The second example has never been published to my knowledge. The first was published by Dal Sasso et al. (2005), who described a Spinosaurus rostrum (MSNM V4047) from the Kem Kem Group of Morocco. It had a sclerorhynchoid vertebra wedged between its right 2nd premaxillary socket and tooth. Based on this position, it probably represents a feeding event and not a taphonomic effect. Dal Sasso et al. referred the vertebra to Onchopristis because it is the most common genus in the Kem Kem Group. However, the rarer Marckgrafia libyca is also present in this group (Dutheil, 2000). Since vertebrae are not diagnostic at the generic level for sclerorhynchoids, this specimen should be considered Sclerorhynchoidei indet. Currently, there is no published, direct evidence for Spinosaurus predation on Onchopristis. That being said, it is still highly likely this occurred given their frequent association (Beevor et al., 2021).

Onchopristis rostrum 4

A diagram of the measurements of the largest Onchopristis specimen, modified from Stromer (1925). 

Onchopristis was alleged to be longer than the largetooth sawfish, which can reach 7 m (Robillard & Séret, 2006), in the episode.

“This is Onchopristis, an 8 metre long giant sawfish similar to those alive today. The saw-like rostrum is lined with lethal barbs and is in itself up to 2½ metres in length.”

An even bigger size was claimed in the book, which is equivalent to large basking sharks (McClain et al., 2015).

“The 3 metre (10 feet) long, saw-like rostrum was lined with irregular, ragged-looking teeth. […] Onchopristis grew up to 10 metres (33 feet) long, from tail to the tip of its rostrum.”

The largest, published specimen of Onchopristis was a nearly complete rostrum and partial cranium described and illustrated by Stromer (1925). It was housed in the Bayerische Staatssammlung für Paläontologie und Geologie and was almost certainly destroyed by bombing in World War II.3 Stromer did not specify the exact length of the rostrum, only that it was approximately 1 m. He noted that the width of the rostrum between the posteriormost rostral denticles was about 15 cm. Scaling with this measurement results in a length of 99 cm from the end of the rostrum to the posteriormost rostral denticle. Applying that length to my Onchopristis reconstruction estimates a total length of 3.72 m for this specimen. There are rumors of rostra exceeding 2 m (Underwood et al., 2016), but other published specimens are smaller than Stromer’s (Werner, 1989; Villalobos-Segura et al., 2021b).4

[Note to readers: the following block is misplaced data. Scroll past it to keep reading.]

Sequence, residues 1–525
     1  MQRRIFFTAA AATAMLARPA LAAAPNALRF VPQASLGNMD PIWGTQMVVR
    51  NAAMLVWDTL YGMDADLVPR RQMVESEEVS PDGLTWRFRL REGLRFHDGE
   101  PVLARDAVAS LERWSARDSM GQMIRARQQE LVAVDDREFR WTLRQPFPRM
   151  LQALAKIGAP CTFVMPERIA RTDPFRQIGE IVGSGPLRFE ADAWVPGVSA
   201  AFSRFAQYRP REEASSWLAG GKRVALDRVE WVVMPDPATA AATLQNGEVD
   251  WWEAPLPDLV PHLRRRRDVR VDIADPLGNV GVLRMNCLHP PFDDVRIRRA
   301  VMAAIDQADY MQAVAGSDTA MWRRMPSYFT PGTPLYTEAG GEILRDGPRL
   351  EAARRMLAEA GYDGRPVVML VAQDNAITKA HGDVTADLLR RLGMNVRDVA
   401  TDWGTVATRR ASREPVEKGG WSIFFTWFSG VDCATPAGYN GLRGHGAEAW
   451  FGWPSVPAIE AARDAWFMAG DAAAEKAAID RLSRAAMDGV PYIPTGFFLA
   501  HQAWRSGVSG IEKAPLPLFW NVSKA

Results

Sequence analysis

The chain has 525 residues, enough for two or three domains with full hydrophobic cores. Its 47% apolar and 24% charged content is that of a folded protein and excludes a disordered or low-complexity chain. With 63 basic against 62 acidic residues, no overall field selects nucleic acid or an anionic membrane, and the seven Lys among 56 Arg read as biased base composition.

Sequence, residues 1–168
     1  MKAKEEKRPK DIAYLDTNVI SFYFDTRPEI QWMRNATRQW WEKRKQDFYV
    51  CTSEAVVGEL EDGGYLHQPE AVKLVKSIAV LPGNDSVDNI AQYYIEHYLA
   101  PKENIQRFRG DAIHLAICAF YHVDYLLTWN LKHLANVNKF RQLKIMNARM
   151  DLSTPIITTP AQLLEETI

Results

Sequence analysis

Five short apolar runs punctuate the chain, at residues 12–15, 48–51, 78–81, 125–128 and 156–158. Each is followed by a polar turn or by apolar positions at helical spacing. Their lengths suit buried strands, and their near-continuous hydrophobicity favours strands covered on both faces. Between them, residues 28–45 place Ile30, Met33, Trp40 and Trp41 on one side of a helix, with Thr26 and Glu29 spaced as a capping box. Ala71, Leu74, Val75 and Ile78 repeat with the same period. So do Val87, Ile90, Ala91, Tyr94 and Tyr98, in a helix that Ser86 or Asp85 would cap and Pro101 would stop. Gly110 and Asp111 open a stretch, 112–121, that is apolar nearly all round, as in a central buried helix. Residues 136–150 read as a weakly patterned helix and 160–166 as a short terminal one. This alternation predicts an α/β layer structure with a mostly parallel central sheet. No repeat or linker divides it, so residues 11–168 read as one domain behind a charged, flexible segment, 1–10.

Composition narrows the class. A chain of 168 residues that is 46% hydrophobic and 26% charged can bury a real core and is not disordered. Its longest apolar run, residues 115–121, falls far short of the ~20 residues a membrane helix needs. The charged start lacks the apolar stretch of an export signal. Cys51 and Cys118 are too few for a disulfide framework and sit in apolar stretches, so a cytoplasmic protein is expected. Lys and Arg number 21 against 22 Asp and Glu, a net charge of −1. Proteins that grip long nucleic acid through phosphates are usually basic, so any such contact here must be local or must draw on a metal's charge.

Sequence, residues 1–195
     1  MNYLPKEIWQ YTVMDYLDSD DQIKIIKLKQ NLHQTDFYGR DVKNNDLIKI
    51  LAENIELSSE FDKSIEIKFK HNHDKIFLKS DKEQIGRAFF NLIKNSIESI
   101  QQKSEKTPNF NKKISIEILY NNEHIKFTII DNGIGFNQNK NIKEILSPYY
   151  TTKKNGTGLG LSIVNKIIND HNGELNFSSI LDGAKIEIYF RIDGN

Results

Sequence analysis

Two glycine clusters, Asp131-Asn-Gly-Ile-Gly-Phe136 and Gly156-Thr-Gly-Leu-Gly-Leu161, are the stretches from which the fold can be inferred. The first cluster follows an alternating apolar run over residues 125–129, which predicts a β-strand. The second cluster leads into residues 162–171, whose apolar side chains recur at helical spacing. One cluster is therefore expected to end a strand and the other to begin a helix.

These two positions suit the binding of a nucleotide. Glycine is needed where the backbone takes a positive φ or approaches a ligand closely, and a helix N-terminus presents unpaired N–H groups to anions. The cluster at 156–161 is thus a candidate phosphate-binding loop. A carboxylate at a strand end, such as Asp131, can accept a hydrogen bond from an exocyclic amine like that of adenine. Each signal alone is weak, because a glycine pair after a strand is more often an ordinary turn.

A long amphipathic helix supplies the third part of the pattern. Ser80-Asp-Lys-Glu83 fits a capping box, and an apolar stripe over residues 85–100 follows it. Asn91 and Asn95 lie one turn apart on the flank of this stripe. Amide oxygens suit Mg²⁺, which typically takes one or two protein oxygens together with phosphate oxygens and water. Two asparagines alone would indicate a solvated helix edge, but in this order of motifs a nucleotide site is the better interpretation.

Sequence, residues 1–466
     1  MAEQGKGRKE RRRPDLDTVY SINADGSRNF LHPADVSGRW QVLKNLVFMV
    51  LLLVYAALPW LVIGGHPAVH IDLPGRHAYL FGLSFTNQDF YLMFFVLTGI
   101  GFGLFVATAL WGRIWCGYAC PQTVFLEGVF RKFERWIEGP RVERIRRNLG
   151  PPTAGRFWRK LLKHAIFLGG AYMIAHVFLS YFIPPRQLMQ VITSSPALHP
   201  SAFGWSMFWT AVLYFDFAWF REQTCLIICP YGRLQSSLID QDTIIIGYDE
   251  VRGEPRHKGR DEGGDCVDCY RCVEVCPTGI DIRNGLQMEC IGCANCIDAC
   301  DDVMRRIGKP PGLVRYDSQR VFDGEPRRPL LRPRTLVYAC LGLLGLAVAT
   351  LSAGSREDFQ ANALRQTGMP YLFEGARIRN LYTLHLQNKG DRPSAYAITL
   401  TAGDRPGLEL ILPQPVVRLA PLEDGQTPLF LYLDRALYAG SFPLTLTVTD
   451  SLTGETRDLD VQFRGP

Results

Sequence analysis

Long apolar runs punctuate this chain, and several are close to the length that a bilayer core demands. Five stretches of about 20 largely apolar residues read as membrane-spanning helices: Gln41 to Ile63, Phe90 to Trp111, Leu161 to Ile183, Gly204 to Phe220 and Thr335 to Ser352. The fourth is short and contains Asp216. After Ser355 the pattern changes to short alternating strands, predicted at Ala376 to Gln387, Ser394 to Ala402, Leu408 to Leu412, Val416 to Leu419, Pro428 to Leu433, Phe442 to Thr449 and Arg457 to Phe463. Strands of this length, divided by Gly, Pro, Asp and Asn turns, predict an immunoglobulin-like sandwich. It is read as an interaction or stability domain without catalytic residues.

I am begrudgingly grateful to Planet Dinosaur for bringing attention to Onchopristis, but I also think it caused more harm than good. Along with the anatomy of the model, the most egregious problem is the exaggerated size. These inaccuracies created the paleoart meme that Onchopristis was a giant sawfish, when in reality it was neither. I have spent considerable time and effort over the last two years to counteract this misconception. The flaws of Planet Dinosaur are unfortunately symptomatic of paleontology documentaries in general. One is not always explaining which aspects are based on fossil evidence and which are speculative. Another is the treatment of animals that are not ‘charismatic megafauna’; they are either relegated to the background or are overhyped into being megafauna. The only solution I see is to continue researching these animals and informing people about them.


1Onchopristis also had a brief cameo at the end of the 2014 documentary Bigger Than T. rex (Cohen, 2014).

2Cappetta hypothesized that sclerorhynchoids and sawfishes both descended from guitarfishes, but evolved saws independently.

3This specimen could not be relocated in the BSPG collections by either Werner (1989) or Smith et al. (2006).

4My suspicion is that these rumors came from fragments that were misscaled or from multiple rostra composited together.

Addendum (1/30/2023)

The specimen of Libanopristis with embryos was figured and described by Capasso (2003), a paper which I was unaware of when I first published this post.